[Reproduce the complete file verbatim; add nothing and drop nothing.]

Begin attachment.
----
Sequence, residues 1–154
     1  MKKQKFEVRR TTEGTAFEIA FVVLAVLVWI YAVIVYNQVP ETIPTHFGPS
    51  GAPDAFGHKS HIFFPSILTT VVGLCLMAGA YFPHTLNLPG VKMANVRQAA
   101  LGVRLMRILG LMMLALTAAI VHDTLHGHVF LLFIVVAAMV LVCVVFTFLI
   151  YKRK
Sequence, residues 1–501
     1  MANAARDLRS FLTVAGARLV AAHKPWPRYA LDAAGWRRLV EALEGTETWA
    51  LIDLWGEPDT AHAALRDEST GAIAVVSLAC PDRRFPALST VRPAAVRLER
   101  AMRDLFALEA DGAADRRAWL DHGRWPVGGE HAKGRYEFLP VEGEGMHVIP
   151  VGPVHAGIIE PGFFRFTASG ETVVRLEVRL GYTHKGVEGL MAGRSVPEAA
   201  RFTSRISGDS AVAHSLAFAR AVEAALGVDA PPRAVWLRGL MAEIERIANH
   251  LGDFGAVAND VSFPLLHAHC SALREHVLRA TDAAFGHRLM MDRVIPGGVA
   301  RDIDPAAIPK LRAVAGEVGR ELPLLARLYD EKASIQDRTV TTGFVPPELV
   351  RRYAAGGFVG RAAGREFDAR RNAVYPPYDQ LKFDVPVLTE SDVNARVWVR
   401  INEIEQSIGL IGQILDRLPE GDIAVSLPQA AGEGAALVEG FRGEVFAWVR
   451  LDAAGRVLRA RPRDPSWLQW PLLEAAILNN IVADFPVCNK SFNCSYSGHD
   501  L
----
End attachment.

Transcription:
Sequence, residues 1–154
     1  MKKQKFEVRR TTEGTAFEIA FVVLAVLVWI YAVIVYNQVP ETIPTHFGPS
    51  GAPDAFGHKS HIFFPSILTT VVGLCLMAGA YFPHTLNLPG VKMANVRQAA
   101  LGVRLMRILG LMMLALTAAI VHDTLHGHVF LLFIVVAAMV LVCVVFTFLI
   151  YKRK
Sequence, residues 1–501
     1  MANAARDLRS FLTVAGARLV AAHKPWPRYA LDAAGWRRLV EALEGTETWA
    51  LIDLWGEPDT AHAALRDEST GAIAVVSLAC PDRRFPALST VRPAAVRLER
   101  AMRDLFALEA DGAADRRAWL DHGRWPVGGE HAKGRYEFLP VEGEGMHVIP
   151  VGPVHAGIIE PGFFRFTASG ETVVRLEVRL GYTHKGVEGL MAGRSVPEAA
   201  RFTSRISGDS AVAHSLAFAR AVEAALGVDA PPRAVWLRGL MAEIERIANH
   251  LGDFGAVAND VSFPLLHAHC SALREHVLRA TDAAFGHRLM MDRVIPGGVA
   301  RDIDPAAIPK LRAVAGEVGR ELPLLARLYD EKASIQDRTV TTGFVPPELV
   351  RRYAAGGFVG RAAGREFDAR RNAVYPPYDQ LKFDVPVLTE SDVNARVWVR
   401  INEIEQSIGL IGQILDRLPE GDIAVSLPQA AGEGAALVEG FRGEVFAWVR
   451  LDAAGRVLRA RPRDPSWLQW PLLEAAILNN IVADFPVCNK SFNCSYSGHD
   501  L